The consolidation in the U.S. shale patch is picking up pace after the crash in oil prices earlier this year. The latest big transaction in the U.S. oil industry involved the largest independent oil and gas producer ConocoPhillips buying Permian-focused Concho Resources in an all-stock deal valued at US$9.7 billion. The transaction will create a giant shale player with combined oil production in the Permian to rival the likes of Chevron. The new ConocoPhillips will be the largest independent oil and gas company, with pro forma production of over 1.5 million barrels of oil equivalent per day, ConocoPhillips said on Monday.
Before this transaction, the shale patch had already seen two large corporate deals since oil prices crashed in March after oil demand plunged with the pandemic and after Saudi Arabia and Russia waged a brief but disastrous price war that flooded the market with oil when global demand was crashing by 20 percent. Those two deals were Chevron’s acquisition of Noble Energy and the Devon Energy-WPX Energy merger.
Analysts expect consolidation to continue. They saw those two deals as the beginning of a wave of mergers and acquisitions (M&A) in the U.S. oil industry, in which exploration and production companies with manageable debts and strong acreage positions could benefit from each other’s strengths to emerge stronger from the current crisis with higher appeal to disgruntled shareholders.
As distress in the Permian and other U.S. major shale plays mounted, many heavily indebted companies filed for bankruptcy to seek protection from creditors, and more continue to do so, unable to meet maturities amid persistently low oil prices and less additional credit available.
But others, those with healthier balance sheets, are looking to strengthen portfolios with value-accretive deals.
Consolidation has started, even if it is happening later and at a slower pace than initially expected, as the COVID-19 crisis and the price crash upended all ‘business as usual’ scenarios for companies around the world, including in the U.S. shale patch. From the supermajors Exxon and Chevron to the smallest drillers, every company has cut capital expenditures and is looking to save costs from every expense item possible, including headcount.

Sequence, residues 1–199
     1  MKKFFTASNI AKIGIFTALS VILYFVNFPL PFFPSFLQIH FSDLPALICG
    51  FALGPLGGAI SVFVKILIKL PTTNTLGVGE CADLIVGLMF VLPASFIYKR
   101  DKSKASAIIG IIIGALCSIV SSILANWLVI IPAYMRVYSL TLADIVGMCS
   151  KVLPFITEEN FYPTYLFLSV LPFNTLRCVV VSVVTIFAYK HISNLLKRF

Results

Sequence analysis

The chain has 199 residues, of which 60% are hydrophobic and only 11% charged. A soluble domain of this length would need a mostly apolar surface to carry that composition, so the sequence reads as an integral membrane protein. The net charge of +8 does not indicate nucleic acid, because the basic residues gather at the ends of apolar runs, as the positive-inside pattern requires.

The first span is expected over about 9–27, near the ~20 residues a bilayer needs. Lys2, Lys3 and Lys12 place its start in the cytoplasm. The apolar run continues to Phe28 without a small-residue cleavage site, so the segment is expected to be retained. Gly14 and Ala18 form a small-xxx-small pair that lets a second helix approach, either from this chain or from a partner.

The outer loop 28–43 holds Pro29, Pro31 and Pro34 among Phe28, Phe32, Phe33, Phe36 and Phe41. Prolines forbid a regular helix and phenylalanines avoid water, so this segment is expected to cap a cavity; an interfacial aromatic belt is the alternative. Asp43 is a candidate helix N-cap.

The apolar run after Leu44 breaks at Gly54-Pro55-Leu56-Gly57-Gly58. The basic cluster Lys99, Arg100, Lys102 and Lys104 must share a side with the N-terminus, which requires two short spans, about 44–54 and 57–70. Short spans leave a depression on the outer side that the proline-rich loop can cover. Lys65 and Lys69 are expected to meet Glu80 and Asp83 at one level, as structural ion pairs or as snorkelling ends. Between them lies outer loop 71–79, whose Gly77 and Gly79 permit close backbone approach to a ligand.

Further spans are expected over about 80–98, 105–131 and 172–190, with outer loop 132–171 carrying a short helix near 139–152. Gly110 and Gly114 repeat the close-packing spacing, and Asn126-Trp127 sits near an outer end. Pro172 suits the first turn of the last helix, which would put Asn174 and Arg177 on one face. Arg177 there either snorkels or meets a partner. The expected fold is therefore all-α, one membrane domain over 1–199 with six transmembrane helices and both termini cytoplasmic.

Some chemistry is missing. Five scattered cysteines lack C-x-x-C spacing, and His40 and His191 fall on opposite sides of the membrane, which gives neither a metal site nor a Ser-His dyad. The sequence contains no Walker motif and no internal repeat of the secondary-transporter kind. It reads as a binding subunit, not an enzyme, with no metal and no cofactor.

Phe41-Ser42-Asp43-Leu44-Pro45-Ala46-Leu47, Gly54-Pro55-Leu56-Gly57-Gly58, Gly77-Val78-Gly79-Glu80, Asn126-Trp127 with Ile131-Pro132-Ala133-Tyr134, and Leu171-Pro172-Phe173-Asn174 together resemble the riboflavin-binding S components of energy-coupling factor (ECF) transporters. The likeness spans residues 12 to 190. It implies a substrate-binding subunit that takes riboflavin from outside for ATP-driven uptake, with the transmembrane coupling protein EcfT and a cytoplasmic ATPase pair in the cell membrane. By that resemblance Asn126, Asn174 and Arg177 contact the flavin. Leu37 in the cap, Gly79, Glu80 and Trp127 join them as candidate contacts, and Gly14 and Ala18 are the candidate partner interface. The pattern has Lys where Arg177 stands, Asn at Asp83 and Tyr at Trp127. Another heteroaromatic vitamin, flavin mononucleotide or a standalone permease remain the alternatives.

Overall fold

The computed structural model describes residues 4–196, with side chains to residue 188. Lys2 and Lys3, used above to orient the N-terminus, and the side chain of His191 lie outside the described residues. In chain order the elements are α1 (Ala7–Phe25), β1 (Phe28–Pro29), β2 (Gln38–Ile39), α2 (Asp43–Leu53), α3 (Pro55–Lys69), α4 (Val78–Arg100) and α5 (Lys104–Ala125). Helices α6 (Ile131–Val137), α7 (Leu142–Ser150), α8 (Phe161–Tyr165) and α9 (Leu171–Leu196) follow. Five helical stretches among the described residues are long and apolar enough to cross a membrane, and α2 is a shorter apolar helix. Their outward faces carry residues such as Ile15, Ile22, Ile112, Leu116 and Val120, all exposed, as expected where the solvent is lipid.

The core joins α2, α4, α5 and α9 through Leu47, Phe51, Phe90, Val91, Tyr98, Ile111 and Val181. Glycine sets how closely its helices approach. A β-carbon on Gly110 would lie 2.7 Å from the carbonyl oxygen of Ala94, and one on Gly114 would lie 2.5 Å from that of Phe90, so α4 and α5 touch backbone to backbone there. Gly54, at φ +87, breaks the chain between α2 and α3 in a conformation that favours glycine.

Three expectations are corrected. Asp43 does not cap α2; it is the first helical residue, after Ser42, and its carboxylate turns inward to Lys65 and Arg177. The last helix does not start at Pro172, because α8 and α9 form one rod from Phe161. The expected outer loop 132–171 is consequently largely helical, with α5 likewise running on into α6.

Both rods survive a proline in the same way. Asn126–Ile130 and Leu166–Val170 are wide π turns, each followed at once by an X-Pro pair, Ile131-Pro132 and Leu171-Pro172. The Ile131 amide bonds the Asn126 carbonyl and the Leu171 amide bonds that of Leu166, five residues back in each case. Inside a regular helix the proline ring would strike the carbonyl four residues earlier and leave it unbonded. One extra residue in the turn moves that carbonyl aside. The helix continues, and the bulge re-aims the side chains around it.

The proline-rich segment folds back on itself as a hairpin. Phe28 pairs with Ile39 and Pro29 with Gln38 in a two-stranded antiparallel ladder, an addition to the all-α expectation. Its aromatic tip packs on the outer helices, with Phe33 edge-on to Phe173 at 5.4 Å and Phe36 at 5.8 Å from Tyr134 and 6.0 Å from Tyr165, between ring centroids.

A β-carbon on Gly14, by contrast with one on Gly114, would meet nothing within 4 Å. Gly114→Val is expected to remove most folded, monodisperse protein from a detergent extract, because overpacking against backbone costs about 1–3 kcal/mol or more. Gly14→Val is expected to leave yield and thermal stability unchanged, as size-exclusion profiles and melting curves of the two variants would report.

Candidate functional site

Amid the drive to cut costs by as much as possible, it may look counterintuitive that some companies have announced corporate M&A transactions with prices where they are at the moment.
Chevron’s acquisition of Noble Energy and the Devon Energy-WPX Energy all-stock merger, however, were both seen as strengthening both companies involved in each of the transactions. These days, the industry is looking at adding profitable acreage and shareholder value instead of gobbling up distressed drillers at knockdown prices.
The Chevron deal was positively valued by investors, Adrian Lara, Oil and Gas Analyst at data and analytics company GlobalData, said at the end of last month.
“Although in Q2 Chevron took a substantial loss due to impairments, the company has a relative healthy balance sheet. It remains focused on the Permian and acquired Noble Energy, which increases its Permian acreage, gives it a leasehold in the DJ Basin and opens new opportunities in the international natural gas market,” Lara said.
“In other words, if within the next two years oil demand recovers, certain companies will be best positioned to take advantage of the situation and here is where the measures that Chevron is taking seem right – given their clear intention to remain focused on the oil and gas sector,” the analyst noted.
Another Oil & Gas Analyst at GlobalData, Steven Ho, said that value-accretive M&A activity in the Permian will strengthen operators for a recovery scenario.
“During a downturn in oil and gas, it is not unusual for companies to look out for potential acquisitions, but this is a time when companies need to be very careful with their expenditures,” Ho said.
The positive analyst views of the two large M&A deals in the shale patch this year are in stark contrast with the opinions about last year’s Occidental-Anadarko deal, which analysts now see as an ill-timed decision to pursue such a huge and leveraged transaction.
The ConocoPhillips-Concho deal would also be positive for both companies, analysts say. ConocoPhillips will gain a large Permian acreage – something it lacks now, while Concho could mitigate regulatory uncertainty in case of a Joe Biden Administration, which would move to ban new fracking on federal land. About 20 percent of Concho’s net acreage position is on federal lands.
ConocoPhillips CEO and chairman Ryan Lance himself told CNBC in April that “the industry does need to consolidate to cut fixed costs” and that Conoco was “on the lookout” for potential acquisition targets, but a possible deal needs to be accretive and not destroy the company’s financial framework.
Announcing the deal with Concho today, Lance said:
“Opportunities to consolidate quality on the scale of these two companies do not come along often, so we are seizing this moment to create a company to lead the necessary transformation of our vital sector for the benefit for all stakeholders in the future.”
The M&A in the U.S. oil industry is well underway, but just like investors in oil, drillers will be very picky in choosing targets or partners to weather the downturn and emerge stronger from it.
By Tsvetana Paraskova for Oilprice.com
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